Lygia Pape at The MET Breuer

Lygia Pape “A Multitude of Forms” currently on display at the MET Breuer is the first US museum retrospective for the Brazilian artist. A member of both the Grupo Frente and the Neoconcrete movement, both with emphasis on abstraction and geometry during the 1950’s and 1960’s. She continued to work while under dictatorship (1964-1985) broadening her creative practice to include film, performance, poetry and installations.
One of the most impressive works in the exhibition is “Livro du tempo” (“Book of Time’, 1961-1963) which consists of 365 wall sculptures, to represent 365 days in a year. Each of the forms is a variation on a square.
The squares have each had at least one section cut away, recolored and placed back on top of the square.
In the top example an L shaped corner has been cut away from the red square painted white then arranged so that the corner of the section meets the new corner of the red figure. In the bottom example the yellow square has had a smaller square (with sides 1/3 the length of the original) removed from the center of the top edge. Painted white and rotatated 45 degrees the new square is placed centered under the void.
 
The individual sculptural elements can be more complex with multiple identical cut-aways. The myriad of possibilities explored by Pape is what makes this work monumental. Created during the time of the Concrete movement “Livro du tempo”, this work included  an element of viewer interaction: viewers (back then) were allowed to touch the work. By including 365 elements the artist references the time it take for the earth’s rotation, tying the abstract geometry to the natural world.
The MET Breuer has presented a large comprehensive display of Pape’s art. I have only really talked about one work of art, there is so much more to discuss. Anyone in NYC this Spring should definitely plan to go to the museum.
Susan Happersett
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Mathematical Meditations in Beacon, New York

A survey of my Mathematically inspired paintings, drawings, videos and artist’s books is currently on view at the Roundhouse Gallery in Beacon, NY. Situated in a restored 19th century factory building, the gallery space provides ample room for a wide range of work I have completed over the past twenty years.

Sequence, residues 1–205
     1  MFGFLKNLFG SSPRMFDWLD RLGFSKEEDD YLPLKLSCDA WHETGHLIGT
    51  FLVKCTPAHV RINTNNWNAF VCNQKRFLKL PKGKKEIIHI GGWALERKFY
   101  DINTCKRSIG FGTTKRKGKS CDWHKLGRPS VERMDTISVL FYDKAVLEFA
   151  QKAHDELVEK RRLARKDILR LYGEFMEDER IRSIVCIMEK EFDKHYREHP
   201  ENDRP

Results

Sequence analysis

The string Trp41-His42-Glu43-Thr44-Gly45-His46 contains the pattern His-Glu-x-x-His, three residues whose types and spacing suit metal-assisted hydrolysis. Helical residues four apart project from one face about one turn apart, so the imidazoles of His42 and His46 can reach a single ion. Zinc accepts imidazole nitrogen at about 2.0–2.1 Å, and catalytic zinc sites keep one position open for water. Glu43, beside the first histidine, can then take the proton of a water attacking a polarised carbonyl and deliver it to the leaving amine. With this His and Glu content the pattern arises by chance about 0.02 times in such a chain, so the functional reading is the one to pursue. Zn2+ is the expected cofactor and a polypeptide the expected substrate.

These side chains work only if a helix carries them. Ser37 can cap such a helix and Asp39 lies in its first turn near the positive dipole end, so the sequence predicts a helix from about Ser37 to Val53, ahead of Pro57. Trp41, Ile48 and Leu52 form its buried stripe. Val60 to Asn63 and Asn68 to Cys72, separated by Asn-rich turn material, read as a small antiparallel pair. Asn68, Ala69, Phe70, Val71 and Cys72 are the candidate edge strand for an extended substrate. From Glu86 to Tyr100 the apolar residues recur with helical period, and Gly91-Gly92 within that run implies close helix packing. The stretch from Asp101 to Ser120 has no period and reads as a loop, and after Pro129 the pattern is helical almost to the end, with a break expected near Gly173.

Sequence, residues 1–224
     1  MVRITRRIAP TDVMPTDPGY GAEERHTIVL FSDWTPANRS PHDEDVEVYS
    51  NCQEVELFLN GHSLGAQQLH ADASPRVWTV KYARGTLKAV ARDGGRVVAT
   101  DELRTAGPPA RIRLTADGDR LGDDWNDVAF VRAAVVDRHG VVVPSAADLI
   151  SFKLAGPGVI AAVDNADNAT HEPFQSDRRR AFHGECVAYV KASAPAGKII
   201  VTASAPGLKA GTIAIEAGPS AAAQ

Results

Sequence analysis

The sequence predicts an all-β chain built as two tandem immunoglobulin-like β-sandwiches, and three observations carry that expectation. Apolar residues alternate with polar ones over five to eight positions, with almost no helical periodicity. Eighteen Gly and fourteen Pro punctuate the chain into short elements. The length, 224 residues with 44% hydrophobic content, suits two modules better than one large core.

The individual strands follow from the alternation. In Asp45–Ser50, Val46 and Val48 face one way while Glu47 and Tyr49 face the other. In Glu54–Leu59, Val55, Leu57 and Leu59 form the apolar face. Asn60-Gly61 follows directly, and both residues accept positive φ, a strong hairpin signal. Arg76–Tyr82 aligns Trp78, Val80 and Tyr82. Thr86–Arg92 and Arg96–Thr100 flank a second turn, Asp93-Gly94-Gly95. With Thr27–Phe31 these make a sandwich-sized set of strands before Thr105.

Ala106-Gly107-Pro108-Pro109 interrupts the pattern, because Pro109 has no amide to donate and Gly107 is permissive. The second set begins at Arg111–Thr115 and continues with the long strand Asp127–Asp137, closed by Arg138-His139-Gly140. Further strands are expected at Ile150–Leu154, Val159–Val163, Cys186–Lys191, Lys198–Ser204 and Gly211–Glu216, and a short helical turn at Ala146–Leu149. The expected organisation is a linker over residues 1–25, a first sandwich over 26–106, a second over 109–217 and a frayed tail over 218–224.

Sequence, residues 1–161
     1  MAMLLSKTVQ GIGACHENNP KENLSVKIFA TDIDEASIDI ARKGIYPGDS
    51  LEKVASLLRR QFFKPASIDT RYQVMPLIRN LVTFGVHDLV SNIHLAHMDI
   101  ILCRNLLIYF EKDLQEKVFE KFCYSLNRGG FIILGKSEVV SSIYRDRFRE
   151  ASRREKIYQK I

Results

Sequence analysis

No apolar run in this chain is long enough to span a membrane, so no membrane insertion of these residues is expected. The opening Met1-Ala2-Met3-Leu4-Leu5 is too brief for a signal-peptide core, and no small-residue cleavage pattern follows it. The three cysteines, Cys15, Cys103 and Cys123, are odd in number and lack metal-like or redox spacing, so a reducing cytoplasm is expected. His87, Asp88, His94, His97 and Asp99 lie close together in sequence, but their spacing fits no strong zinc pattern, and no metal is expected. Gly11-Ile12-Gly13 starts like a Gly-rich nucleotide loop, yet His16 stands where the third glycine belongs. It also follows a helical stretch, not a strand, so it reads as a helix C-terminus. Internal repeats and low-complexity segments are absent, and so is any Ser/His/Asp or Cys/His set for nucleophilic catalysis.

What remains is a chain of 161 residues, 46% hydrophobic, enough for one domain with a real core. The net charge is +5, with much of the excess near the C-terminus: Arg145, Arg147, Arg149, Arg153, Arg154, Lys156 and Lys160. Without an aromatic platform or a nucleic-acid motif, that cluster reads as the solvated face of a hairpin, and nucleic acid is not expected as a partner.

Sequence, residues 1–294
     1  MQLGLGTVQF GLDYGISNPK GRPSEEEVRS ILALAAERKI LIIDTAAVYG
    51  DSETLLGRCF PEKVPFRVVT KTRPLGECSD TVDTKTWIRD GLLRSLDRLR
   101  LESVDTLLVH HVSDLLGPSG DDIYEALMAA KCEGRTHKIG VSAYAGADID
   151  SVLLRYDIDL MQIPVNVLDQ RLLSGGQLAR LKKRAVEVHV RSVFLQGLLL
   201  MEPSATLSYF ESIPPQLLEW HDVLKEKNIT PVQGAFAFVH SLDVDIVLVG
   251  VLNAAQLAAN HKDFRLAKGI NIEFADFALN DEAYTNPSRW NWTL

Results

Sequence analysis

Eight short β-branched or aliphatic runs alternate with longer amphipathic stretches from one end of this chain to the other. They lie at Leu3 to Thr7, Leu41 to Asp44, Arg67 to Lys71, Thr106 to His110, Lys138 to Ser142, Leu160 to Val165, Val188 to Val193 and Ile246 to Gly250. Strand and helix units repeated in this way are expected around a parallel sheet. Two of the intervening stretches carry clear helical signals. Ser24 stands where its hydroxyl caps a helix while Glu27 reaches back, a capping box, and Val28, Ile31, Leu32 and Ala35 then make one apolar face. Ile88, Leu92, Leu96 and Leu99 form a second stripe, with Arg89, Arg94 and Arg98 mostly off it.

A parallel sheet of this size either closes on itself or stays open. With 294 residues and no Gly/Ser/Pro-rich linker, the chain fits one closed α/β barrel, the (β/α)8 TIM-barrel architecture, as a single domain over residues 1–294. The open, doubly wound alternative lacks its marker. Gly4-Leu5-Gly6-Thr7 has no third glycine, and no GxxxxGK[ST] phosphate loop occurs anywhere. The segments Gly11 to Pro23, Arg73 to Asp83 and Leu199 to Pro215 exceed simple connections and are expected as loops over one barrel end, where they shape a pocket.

Included in the exhibit are my counted marking drawings. I started making these early in my career and I am still creating them with more complex algorithms.
There is also a range of work based the Chaos Theory.
 
A wew of my pieces from my recent “Cartesian Lace” series are also on display.
 
 This wonderful opportunity has offered me a chance for the first time, to present an exploration of all of the various types of my Mathematical art all in one room.
The opening last weekend was wonderful. On May 21, Dikko Faust and Ester K. Smith of Purgatory pie Press will be at the gallery for a meet and greet. Over the past years I have collaborated with them on a number of limited edition letterpress projects, that are also on display. Meet Esther and Dikko from 2PM to 6PM.
Susan Happersett

The Whitney Biennial

This year the Whitney Museum of American Art presents its 78th Biennial survey. I knew from media reports that the art selected heavily represented political and social current events. There was a wide cross section of themes including an emphasis on figural work, but there were two artists whose work dealt directly with geometric figures.

Matt Browning, untitled, 2016

Matt Brownings gridded wall sculptures were installed in small groupings through the two floors of exhibit. each grid of 26 cubes is hand carved from a single piece of wood forming an interlocking lattice work.
Brownings’ subject matter of the cubes relates to the perspective of minimalist geometric sculpture. His technique of painstakingly whittling the wood by hand takes the geometry to the unexpected realm of craft and folk art.

Larry Bell, “Pacific Red II”, 2017

Larry Bell’s laminated glass sculptures are installed on a roof terrace. Consisting of 6 large prisms featuring six foot by eight foot walls each enclosing a smaller six foot by four foot prism. The transparent nature of the material allows for a comparison of the proportions of the two sized boxes. All twelve have the same height but the interior forms are half as wide. The volume of the larger boxes are 4 times that of the interior boxes. I particularly like the way the sculptures are situated so that the viewer can see the surrounding buildings through the colored glass. The abstract geometry becomes part of the city scape.
Susan Happersett